Assessment of Advanced Language Proficiency: Why Performance-based Tasks?
CALPER Professional Development Document CPDD 0605
In this document, Shohamy and Inbar argue for the use of performance-based tasks in the assessment of advanced language proficiency. In this effort, they start by exploring the ‘content/language continuum in language teaching programs’ (p. 1) and by discussing performance tasks. They also address issues regarding the designing and scoring of performance-based tasks, including rubrics. The document ends with examples of integrated content and language performance tasks, as well as guidelines for designing a performance task and a sample task.
Dynamic Assessment in the Language Classroom
CALPER Professional Development Document (CPDD 0411)
In very clear language, the authors provide a basic account of Dynamic Assessment (DA) and trace its origins to Vygotsky’s theory of development. They explain the concepts of mediation and Zone of Proximal Development (ZPD), as well as the two main approaches used in DA. They also include three examples detailing what DA looks like in the classroom and conclude the document by providing a glimpse of what the future holds for DA, such as using it with groups and integrating computer technologies to DA procedures.
Listening Comprehension in Foreign Language Instruction
CALPER Professional Development Document CPDD 0810
This document addresses a range of theoretical and practical issues concerned with the teaching of listening comprehension. It provides an overview of the processes involved in listening comprehension and reviews its most prominent models. In addition, this document presents an alternative model of L2 listening comprehension and examines three major approaches to listening comprehension. Finally, it discusses how teachers can make sound pedagogical choices on how to teach and assess students’ listening comprehension skills.
The Language Assessment Process: A “Multiplism” Perspective
CALPER Professional Development Document CPDD 0603
The authors describe the ‘language assessment process’ and emphasize its ‘multiple’ components and phases and the decisions a teacher has to make at each phase. They then discuss the multiple purposes of assessment, possible language assessment tools, multiple assessment methods and ways of administering assessment, multiple ways of designing items and tasks, multiple criteria for determining the quality of assessment procedures, and multiple ways of interpreting and reporting results.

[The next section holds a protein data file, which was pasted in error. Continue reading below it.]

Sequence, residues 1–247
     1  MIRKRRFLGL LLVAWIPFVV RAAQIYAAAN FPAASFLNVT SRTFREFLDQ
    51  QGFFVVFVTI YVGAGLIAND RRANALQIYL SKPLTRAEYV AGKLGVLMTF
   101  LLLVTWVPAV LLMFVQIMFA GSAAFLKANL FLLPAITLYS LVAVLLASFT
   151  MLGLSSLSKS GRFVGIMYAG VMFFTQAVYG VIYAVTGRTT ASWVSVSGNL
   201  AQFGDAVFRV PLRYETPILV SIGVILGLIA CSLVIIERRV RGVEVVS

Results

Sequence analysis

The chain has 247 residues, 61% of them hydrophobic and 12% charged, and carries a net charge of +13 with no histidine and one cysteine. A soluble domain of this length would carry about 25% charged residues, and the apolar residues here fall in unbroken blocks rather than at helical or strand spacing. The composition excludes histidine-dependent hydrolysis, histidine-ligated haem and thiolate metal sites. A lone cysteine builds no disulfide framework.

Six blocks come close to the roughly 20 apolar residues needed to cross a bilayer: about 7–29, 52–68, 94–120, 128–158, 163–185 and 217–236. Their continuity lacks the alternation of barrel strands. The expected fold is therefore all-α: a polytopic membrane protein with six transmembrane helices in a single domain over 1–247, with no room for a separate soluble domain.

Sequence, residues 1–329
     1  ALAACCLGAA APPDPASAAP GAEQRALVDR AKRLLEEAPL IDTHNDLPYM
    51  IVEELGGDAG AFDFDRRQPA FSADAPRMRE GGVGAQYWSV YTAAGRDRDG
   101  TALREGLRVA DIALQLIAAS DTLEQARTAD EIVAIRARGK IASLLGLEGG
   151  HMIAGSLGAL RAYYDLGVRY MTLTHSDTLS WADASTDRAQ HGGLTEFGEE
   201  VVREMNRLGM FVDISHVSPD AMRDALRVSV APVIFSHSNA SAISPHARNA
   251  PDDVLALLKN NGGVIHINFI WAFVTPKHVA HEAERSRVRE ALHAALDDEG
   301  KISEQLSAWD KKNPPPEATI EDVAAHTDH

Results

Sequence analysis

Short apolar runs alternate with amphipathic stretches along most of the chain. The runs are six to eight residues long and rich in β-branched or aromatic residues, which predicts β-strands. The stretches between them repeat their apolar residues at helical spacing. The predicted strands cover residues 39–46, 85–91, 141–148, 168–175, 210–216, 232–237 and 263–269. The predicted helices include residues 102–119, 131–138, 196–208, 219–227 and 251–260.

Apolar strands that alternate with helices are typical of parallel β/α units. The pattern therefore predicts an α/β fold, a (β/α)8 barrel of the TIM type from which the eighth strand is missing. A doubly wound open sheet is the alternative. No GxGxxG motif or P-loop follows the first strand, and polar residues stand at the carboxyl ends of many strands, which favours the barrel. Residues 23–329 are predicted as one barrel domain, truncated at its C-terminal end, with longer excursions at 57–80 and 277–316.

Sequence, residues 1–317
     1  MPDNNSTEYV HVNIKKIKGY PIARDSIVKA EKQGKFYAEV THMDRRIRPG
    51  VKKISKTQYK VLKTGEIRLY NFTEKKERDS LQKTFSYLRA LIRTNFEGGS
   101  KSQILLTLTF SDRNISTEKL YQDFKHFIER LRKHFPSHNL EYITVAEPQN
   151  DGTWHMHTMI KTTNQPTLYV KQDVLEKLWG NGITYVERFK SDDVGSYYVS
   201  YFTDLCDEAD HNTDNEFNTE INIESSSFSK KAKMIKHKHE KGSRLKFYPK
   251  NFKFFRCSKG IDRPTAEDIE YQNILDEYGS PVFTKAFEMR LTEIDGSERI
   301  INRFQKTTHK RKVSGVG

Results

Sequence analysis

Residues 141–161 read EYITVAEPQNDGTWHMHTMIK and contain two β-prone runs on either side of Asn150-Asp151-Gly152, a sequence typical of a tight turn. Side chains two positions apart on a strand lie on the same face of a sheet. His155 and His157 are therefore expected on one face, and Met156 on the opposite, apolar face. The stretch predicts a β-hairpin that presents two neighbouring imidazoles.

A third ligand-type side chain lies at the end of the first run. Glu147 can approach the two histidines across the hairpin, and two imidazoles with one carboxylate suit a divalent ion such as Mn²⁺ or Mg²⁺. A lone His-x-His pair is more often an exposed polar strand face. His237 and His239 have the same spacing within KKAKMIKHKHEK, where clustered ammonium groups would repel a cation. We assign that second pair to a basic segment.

Using a Corpus in Language Teaching
CALPER Professional Development Document CPDD 0410
In this document, Michael McCarthy describes what a corpus (plural: corpora) is and which kinds of questions it can help answer. He also explains how frequency lists and collocations generated from a corpus constitute powerful analytical tools for those researching language and language teaching. McCarthy concludes by offering practical applications of corpus in language teaching and his thoughts on the future directions for corpus linguistics.
Using Corpora in Language Teaching
This digest, in addition to defining a corpus (plural: corpora) and briefly describing different types of corpora (e.g., very large, medium-sized, parallel), focuses on learner corpora. The authors emphasize that frequency lists and concordances can help answer questions about why certain patterns of language use happen the way they do. The digest also includes a brief section on data-driven learning (DDL), which is the use and exploration of corpora by students themselves for their own language learning needs.